The Importance of UX Design in the Healthcare Industry 2

The Importance of UX Design in the Healthcare Industry

Have you ever thought of the words ‘life-saving’ when considering UX? Perhaps not, but that doesn’t mean it’s not possible. 

When we talk about UX design, we often talk about products or websites that people interact with. But there are other aspects of our lives that are directly impacted by the choices a UX designer makes. When it comes to UX in the healthcare industry, life-saving can potentially go from being a metaphor to being a reality.

The healthcare industry is one of the world’s most regulated and vital industries, especially as we live longer and longer lives. And there are few things more important than our health, which makes UX all the more vital in such an environment. With that in mind, let’s look at how UX design improves healthcare.

Prioritising patient experience

Much like good UX design should be user-centric, the output should be patient-centric when it comes to good Healthcare UX. Dr. Edward Fitzgerald, Head of Healthcare in KPMG, Bermuda, describes patient-centered care as a phrase that is used often but delivered to a much lesser degree. He argues that healthcare providers need to start taking patient experience measures more seriously due to the evidence that shows links between patient experience, safety, and clinical effectiveness.

Thanks to the work of UX designers, people in the healthcare industry can now be more informed about user or patient needs than ever before. By incorporating good UX practices into healthcare systems, measuring patient satisfaction and prioritizing patient experience has become more accessible. This not only leads to better outcomes for patients but also helps improve a population’s health.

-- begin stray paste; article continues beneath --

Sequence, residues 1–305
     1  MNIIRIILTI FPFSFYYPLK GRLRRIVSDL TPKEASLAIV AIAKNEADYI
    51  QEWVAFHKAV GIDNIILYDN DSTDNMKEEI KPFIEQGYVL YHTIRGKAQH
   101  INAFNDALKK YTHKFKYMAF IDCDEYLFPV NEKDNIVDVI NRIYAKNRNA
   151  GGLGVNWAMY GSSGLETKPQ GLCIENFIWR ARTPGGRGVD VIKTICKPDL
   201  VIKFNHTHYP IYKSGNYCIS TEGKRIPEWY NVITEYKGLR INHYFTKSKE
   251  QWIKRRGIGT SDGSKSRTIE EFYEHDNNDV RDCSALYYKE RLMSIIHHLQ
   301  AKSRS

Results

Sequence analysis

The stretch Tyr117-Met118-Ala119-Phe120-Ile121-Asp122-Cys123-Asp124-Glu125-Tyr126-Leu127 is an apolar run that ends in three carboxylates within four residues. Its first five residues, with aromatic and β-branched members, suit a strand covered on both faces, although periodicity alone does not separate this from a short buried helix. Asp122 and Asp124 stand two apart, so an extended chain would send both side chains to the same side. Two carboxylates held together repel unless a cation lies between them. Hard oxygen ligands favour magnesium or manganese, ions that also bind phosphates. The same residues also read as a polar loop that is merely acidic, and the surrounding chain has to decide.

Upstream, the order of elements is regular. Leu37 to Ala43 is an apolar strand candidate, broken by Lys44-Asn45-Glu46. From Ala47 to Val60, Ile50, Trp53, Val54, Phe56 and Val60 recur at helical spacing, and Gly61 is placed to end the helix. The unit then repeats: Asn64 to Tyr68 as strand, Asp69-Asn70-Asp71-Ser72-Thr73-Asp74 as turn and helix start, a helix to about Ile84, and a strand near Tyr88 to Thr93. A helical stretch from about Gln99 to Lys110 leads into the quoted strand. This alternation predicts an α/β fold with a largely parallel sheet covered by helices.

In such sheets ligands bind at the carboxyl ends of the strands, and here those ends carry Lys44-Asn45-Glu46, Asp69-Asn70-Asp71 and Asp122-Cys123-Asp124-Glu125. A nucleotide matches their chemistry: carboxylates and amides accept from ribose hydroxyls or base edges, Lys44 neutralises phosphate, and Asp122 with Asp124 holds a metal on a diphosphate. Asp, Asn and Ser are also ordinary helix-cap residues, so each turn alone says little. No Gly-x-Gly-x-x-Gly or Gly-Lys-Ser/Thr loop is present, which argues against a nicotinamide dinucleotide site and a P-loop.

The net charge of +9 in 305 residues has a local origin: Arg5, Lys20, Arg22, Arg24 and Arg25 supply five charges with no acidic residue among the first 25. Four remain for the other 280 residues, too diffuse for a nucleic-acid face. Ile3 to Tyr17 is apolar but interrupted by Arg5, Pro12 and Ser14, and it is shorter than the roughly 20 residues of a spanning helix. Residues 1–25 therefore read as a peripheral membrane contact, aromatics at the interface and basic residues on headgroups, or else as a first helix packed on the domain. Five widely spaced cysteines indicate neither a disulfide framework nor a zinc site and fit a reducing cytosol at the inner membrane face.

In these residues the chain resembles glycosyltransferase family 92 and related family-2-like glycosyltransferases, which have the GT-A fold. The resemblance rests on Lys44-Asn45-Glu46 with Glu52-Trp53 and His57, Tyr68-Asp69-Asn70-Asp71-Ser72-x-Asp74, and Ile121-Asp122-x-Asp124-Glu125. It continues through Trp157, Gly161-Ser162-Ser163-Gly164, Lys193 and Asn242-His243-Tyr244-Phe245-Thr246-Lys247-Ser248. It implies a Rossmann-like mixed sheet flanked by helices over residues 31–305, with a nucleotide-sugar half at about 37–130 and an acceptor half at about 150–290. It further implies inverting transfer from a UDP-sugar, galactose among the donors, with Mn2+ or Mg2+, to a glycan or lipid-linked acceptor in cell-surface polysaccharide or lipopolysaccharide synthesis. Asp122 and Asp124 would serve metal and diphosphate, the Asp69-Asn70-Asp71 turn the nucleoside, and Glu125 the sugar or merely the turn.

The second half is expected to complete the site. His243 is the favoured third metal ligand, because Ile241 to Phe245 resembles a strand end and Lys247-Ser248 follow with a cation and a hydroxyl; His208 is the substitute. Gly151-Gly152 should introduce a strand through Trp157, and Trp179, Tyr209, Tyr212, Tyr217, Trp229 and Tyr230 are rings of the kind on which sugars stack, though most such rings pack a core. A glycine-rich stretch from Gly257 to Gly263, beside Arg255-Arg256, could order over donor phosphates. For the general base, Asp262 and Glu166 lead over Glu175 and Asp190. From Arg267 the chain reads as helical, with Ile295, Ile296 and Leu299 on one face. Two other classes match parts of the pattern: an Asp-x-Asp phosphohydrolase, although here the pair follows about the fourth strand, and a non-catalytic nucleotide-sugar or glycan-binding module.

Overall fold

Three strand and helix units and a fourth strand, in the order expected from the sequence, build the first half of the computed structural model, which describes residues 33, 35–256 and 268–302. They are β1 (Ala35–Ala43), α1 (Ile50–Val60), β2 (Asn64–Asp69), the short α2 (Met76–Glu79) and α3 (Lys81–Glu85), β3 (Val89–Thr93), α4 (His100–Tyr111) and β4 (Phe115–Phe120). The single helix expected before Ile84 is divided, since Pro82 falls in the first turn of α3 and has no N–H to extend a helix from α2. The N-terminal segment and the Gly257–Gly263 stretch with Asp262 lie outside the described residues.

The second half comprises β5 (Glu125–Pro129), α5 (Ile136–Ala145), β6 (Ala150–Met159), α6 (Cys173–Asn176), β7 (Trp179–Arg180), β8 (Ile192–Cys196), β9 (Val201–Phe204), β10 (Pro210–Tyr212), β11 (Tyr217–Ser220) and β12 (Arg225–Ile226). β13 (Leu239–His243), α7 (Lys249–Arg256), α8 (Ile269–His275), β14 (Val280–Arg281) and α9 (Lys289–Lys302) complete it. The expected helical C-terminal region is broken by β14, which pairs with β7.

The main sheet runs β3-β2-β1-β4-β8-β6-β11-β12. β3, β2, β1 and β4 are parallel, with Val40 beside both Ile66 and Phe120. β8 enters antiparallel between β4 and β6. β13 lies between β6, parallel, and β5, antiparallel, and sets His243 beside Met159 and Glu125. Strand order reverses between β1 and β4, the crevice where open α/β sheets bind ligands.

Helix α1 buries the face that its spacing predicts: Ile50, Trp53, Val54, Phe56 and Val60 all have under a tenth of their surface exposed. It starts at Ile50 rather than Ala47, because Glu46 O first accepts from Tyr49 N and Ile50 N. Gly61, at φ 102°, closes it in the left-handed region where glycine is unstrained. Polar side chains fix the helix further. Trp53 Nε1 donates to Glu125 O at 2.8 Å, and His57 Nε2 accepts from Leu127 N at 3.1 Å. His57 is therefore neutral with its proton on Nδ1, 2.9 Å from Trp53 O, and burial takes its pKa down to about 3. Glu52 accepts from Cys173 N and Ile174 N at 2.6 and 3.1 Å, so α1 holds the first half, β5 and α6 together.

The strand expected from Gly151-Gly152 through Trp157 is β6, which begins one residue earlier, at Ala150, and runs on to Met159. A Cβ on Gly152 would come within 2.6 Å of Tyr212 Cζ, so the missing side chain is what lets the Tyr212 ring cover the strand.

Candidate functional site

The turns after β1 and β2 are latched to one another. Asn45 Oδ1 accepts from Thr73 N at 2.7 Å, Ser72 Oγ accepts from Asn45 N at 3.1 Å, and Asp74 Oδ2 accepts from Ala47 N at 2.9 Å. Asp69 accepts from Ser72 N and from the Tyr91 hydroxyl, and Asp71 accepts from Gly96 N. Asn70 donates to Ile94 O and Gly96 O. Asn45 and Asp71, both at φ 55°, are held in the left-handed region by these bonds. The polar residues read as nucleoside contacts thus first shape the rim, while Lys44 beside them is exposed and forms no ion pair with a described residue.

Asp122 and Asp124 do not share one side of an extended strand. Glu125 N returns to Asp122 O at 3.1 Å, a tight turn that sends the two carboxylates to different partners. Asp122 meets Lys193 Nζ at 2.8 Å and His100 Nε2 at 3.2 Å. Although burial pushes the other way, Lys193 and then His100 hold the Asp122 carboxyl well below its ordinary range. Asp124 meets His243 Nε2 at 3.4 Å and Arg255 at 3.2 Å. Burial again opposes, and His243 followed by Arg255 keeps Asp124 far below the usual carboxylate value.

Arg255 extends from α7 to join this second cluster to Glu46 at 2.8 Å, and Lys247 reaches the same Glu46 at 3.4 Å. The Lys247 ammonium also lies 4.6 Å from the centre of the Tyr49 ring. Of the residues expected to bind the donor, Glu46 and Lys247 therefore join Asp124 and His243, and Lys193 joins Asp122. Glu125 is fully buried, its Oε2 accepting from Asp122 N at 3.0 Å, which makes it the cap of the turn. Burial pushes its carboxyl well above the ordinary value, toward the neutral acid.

The Medisafe app reminds users to take their medication and does a fantastic job of delivering patient-centric UX. Their design mimics traditional pill boxes making the transition from a traditional solution to a digital solution easy for users. The app also provides users with visual cues for pills, as users can edit the shape and colour of the digital ‘pills’ in the app to match their own medication. The app is simple-to-use while delivering all the information a person will need to take their medication correctly and safely.

Increased access to medical professionals

Another significant benefit that UX has added to the healthcare industry is enabling the development of tools that can increase access to medical professionals. Telemedicine has been described as ‘one of the most useful advances in medical technology This can take many forms, such as video consultations that allow people to see and speak with doctors without needing to physically go into a hospital or clinic, remote monitoring tools or healthcare apps that connect patients and doctors directly.

The key benefit of telemedicine is that it increases accessibility to medical professionals and advice. However,  telemedicine breaks down more than one kind of barrier, especially when it comes to delivering good UX. UX designers can design based on the needs of specific patients, such as age or any type of impairment, and take patient feedback into careful consideration when designing tools and services, resulting in the development of user-friendly healthcare apps and equipment.